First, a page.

It’s a really good discussion because they hone in on a point that I think tends to be neglected in this discussion — the best-testing messages tended to be ones they did not personally like. After all, these are two young, secular, college-educated women living in a big city and working professionally in progressive politics. If the whole electorate was made up of young female college graduates, then you could win on abortion with any message. But the point of developing a message is to try to come up with language that seems persuasive to people who aren’t progressive political professionals. In the case of the tests they did, that was generally messages that activated libertarian and individualistic ideas. Young leftists are not big on individualism. But as they say, this works precisely because it’s a political idea that appeals to people who aren’t leftists.
In the Slate article, Shenker-Osorio complains about trying to appeal to right-of-center individualists:
Harris: In the U.S., we talk about abortion as an individual right.
Shenker-Osorio: That’s right.
Harris: It’s almost by definition separate from the community.
Shenker-Osorio: Separate from the community, separate from relationships. And it has historically been argued in a libertarian framework. U.S. out of my uterus. Get your laws off my body. My child, my choice. And what happens with that “individual choice” language is, in policy terms, we get the Hyde Amendment.
I think this is backward.
At a time when abortion rights are under very clear and direct assault, you can’t optimize your messaging choices to try to advance Hyde Amendment repeal — a cause that’s unpopular and nowhere close to winning the needed votes in the Senate.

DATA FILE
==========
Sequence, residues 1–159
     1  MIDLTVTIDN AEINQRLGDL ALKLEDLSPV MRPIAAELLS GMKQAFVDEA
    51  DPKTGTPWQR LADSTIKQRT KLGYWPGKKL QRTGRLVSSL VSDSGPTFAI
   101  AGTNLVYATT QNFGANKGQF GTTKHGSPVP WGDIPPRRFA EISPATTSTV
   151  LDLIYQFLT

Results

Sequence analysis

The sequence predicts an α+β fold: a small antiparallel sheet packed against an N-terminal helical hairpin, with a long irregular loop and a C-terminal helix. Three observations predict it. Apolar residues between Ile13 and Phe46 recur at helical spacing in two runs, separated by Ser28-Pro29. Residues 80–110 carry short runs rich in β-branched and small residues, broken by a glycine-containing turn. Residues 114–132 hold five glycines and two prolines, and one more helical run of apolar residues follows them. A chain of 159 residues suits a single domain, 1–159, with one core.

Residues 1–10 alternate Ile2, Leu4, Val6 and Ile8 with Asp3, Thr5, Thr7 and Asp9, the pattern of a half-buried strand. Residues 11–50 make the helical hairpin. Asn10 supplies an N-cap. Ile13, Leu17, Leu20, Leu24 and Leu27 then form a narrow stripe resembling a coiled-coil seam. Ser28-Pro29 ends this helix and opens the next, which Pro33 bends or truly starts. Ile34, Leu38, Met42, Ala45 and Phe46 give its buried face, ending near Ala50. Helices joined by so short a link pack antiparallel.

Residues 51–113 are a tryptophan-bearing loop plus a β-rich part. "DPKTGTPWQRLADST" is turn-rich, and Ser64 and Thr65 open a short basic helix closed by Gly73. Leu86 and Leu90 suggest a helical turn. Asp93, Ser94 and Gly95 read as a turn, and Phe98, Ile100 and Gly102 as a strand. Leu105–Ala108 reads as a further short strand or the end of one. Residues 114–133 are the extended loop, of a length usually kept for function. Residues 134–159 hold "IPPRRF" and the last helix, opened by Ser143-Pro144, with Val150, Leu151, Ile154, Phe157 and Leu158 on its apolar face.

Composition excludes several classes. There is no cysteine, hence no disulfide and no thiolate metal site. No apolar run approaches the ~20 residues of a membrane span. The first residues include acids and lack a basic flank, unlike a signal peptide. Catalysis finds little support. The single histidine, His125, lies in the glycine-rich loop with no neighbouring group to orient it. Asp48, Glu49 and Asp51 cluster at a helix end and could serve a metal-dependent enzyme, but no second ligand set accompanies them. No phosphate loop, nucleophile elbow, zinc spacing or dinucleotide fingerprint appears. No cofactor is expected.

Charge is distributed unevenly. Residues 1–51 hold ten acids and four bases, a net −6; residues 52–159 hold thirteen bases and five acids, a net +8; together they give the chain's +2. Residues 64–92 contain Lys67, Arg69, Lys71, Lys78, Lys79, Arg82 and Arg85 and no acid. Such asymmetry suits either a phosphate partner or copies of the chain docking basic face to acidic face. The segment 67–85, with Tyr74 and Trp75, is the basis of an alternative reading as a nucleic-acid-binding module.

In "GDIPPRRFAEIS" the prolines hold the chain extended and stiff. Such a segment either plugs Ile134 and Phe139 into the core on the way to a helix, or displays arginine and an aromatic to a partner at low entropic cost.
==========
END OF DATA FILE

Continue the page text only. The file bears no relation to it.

If the Supreme Court tosses Roe v. Wade, which seems very likely, many Republicans are going to push to enact draconian anti-abortion laws. Those laws will in many cases be unpopular and risk backlash. But to generate effective backlash, abortion rights activists need to counter-mobilize with a more popular position — the way they did in Ireland — not try to come up with a message that is optimized to try to defend an unpopular position. Compared to other western countries, the United States is more religious, which makes abortion rights harder to defend. But the United States is also more individualistic, which gives abortion rights a fighting chance. The most effective messages key into that, but effective messengers will also acknowledge that words aren’t magic and can’t substitute for aligning your views with things the public agrees with.